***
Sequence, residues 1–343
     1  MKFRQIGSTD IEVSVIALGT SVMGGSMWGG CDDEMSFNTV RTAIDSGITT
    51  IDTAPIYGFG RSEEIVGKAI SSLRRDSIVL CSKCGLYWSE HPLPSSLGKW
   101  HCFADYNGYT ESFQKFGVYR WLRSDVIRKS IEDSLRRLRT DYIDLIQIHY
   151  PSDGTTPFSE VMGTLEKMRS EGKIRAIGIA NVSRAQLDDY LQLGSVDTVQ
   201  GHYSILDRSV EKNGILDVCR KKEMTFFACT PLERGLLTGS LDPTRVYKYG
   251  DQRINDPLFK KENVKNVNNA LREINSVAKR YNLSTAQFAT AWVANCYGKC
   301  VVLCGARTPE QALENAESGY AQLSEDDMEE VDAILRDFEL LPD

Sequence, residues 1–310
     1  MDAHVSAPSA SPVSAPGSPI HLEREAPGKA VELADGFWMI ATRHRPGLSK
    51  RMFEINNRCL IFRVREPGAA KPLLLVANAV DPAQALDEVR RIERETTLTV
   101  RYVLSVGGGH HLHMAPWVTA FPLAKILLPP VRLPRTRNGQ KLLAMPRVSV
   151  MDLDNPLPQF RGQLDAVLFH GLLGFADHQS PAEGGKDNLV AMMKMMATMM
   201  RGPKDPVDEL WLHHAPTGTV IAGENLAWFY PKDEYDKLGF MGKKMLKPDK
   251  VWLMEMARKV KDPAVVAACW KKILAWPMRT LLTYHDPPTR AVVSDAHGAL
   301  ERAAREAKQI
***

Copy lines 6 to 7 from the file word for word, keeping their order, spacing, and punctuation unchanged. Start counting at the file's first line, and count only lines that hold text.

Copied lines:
   201  GHYSILDRSV EKNGILDVCR KKEMTFFACT PLERGLLTGS LDPTRVYKYG
   251  DQRINDPLFK KENVKNVNNA LREINSVAKR YNLSTAQFAT AWVANCYGKC